Wednesday Science Night takes a look at different species of deadly animals such as the venomous Black Mamba, and crop crippling rats that are found in various geographic locations around the world today.
Nature Black Mamba 7 pm
The black mamba is one of Africa’s most dangerous and feared snakes, known for being very aggressive when disturbed. Rearing up with its head four feet above the ground, it strikes with deadly precision, delivering venom that is packed with three different kinds of toxins and is ten times more deadly than needed to kill an adult human. Without treatment the mortality rate is 100%, the highest among all venomous snakes in the world. Until now, little has been known about the black mamba’s natural behavior in the wild because in Africa most people kill a black mamba on sight and feel lucky to have done so. But in the tiny country of Swaziland in southern Africa, a team of herpetologists has an entirely different “take” on these creatures and hopes their six-week study will change public perception of what they feel is the world’s most misunderstood snake.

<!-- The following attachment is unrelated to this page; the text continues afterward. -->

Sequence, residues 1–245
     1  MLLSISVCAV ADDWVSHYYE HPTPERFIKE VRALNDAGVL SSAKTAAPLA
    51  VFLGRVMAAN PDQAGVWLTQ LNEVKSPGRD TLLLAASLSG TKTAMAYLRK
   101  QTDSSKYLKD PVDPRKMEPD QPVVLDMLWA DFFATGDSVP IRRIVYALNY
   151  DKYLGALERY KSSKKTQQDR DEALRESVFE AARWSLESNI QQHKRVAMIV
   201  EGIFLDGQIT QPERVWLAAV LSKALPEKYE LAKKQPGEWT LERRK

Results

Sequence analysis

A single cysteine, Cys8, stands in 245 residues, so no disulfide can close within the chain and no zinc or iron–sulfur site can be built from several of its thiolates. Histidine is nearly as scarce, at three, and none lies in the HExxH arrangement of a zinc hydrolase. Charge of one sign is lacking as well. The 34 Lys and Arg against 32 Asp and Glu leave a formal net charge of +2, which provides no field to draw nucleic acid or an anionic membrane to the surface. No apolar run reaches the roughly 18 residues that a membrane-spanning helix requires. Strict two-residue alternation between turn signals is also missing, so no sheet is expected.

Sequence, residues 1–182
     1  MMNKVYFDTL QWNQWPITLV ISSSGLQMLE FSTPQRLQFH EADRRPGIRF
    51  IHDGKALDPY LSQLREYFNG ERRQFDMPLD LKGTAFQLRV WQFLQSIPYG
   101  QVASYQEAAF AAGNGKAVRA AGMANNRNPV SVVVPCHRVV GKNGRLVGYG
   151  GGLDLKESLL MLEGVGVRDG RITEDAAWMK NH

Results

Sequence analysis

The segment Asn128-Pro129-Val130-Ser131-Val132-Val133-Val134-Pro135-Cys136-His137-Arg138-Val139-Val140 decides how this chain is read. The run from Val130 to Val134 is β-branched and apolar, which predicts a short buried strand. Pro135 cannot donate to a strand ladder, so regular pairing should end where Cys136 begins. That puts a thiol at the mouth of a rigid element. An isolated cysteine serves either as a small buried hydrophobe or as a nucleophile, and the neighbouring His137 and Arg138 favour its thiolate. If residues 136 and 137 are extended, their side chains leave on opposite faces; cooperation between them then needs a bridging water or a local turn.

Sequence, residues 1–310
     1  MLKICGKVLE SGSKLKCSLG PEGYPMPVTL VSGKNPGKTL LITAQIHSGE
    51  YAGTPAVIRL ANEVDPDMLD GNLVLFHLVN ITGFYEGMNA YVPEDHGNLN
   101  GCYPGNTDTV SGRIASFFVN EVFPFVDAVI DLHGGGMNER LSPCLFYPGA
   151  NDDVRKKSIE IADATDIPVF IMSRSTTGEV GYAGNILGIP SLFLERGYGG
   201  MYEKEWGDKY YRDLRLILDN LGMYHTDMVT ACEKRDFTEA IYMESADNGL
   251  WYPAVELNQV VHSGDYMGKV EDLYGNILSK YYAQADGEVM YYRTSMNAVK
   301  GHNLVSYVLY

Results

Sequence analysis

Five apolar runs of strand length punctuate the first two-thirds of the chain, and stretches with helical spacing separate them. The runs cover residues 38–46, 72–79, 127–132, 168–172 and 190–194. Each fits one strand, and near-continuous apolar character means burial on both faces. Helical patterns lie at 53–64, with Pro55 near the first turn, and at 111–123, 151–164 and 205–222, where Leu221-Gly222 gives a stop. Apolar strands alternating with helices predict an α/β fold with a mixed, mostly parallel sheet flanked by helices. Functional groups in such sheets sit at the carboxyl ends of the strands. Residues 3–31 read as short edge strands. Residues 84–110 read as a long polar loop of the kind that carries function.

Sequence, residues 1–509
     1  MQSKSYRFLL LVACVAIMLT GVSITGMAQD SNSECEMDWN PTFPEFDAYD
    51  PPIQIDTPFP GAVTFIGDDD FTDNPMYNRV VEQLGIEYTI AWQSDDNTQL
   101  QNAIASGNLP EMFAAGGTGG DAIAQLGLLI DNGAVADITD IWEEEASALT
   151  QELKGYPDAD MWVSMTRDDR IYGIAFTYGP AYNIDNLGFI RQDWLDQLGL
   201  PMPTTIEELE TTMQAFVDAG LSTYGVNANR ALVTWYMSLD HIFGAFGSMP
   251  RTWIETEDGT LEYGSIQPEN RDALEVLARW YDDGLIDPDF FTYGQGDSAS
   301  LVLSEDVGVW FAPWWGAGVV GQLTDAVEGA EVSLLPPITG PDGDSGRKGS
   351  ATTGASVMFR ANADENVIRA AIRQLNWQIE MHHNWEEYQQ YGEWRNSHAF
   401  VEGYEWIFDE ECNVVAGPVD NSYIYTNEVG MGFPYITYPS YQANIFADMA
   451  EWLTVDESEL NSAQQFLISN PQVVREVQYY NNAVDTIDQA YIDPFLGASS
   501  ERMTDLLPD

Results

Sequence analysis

NOVA Rat Attack 8 pm
Every 48 years, the inhabitants of the remote Indian state of Mizoram suffer a horrendous ordeal known locally as mautam. An indigenous species of bamboo, blanketing 30 percent of Mizoram’s 8,100 square miles, blooms once every half-century, spurring an explosion in the rat population which feeds off the bamboo’s fruit. The rats run amok, destroying crops and precipitating a crippling famine throughout Mizoram. NOVA follows this gripping tale of nature’s capacity to engender human suffering, and investigates the botanical mystery that happens with clockwork precision every half century.
Killer Stress: A National Geographic Special 9 pm
Stress. It’s always been there to save our lives. It’s what made us run from predators and enabled us to take down prey. But today, humans are turning on that same stress response to deal with 30-year mortgages, difficult bosses, teenagers and traffic jams. Some of us are wallowing in corrosive hormones; for the first time, scientists can reveal just how measurable and dangerous that exposure can be. MacArthur “Genius Grant” recipient and Stanford University neurobiologist Robert Sapolsky and National Geographic search for answers to why stress seems to be killing us.